Stimulus payments are starting to go out to some of the most vulnerable people in the coronavirus pandemic – those on government benefits and older adults.
The money is being deposited into the same account people get their Social Security and Veterans Affairs benefits in. Paper checks will be mailed later.
AARP says it fought to make sure the stimulus bill didn’t impact Social Security trust money.
“We’re hearing from seniors all over the country who’ve worked so hard to follow the sales, to clip coupons at the grocery store. They're having to stock up on supplies and it’s really hard to make ends meet,” said AARP's Senior Vice President of Government Affairs, Bill Sweeney. “We're asking people to get 90-day supplies of prescription drugs, so they don’t have to go to the drug store every month. That's hard for people financially.”
It’s not just the retired waiting on their money. One-third of the workforce is 50 or older. And, half of all family caregivers are 50 or older.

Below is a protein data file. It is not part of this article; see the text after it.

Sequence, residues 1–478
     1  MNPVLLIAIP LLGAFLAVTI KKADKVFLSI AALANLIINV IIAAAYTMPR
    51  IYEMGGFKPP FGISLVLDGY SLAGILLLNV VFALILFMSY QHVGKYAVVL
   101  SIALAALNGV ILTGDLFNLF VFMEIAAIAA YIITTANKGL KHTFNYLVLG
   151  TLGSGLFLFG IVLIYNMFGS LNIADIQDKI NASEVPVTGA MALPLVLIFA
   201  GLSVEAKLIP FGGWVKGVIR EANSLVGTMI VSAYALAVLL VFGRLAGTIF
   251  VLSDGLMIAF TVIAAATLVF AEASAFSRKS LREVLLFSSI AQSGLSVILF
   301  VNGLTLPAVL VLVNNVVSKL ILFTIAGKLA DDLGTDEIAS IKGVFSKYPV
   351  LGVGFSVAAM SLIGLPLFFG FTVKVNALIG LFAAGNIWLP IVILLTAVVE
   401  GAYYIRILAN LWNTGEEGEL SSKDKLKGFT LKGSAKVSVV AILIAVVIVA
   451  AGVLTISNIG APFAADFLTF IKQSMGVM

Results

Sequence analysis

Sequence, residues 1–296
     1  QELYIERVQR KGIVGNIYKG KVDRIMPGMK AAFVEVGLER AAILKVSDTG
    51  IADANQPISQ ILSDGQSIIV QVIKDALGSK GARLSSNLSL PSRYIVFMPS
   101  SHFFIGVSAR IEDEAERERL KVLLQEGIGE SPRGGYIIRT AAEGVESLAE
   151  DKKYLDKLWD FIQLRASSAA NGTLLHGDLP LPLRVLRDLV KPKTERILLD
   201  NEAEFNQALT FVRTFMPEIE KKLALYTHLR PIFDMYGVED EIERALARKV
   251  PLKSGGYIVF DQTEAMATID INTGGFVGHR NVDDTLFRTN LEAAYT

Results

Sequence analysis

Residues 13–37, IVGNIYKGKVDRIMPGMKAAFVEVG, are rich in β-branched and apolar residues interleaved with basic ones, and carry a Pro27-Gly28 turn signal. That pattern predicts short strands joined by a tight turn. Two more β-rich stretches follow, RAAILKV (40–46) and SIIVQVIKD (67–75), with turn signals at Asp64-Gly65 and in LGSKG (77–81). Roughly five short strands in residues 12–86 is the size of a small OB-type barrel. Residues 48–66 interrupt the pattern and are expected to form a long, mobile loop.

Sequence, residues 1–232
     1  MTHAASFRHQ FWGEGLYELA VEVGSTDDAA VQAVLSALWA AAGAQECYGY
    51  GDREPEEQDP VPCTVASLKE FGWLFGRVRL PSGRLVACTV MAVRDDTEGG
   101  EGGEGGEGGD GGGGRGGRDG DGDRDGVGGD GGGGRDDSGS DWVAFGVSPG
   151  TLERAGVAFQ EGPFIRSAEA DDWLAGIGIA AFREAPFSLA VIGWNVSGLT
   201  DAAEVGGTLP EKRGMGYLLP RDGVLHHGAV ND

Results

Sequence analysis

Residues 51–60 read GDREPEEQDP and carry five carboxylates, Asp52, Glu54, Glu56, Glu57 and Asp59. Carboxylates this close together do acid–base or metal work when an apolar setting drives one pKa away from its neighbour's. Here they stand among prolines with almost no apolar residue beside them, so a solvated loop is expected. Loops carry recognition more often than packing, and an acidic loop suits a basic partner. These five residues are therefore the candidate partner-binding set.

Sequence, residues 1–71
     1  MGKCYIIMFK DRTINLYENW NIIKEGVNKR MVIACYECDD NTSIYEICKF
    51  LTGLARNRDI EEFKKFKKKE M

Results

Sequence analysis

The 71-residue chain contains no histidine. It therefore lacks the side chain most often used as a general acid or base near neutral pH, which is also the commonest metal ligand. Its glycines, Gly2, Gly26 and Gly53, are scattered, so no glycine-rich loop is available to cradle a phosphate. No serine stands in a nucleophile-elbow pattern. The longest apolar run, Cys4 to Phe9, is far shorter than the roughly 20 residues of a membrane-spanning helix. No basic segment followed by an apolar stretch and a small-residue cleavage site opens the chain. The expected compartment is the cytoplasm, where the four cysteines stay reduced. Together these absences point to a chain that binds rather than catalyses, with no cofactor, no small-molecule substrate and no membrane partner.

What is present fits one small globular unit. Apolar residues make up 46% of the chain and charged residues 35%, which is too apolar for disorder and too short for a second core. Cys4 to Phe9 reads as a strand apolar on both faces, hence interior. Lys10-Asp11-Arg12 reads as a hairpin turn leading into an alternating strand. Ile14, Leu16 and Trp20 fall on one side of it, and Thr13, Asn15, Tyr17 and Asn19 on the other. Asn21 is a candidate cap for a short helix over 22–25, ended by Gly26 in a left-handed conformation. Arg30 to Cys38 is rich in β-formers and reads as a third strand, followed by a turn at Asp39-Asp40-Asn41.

AARP wants to see more money for nursing homes in future relief bills.
“We want to make sure there is an ability for family members to virtually visit with their loved ones to be able to see them on video make sure that they're safe,” said Sweeney. “And also, to make sure that the staff and their residents of those nursing homes have the PPE that they need.”
AARP has the questions you should be asking if you have a relative in a nursing facility
on its website.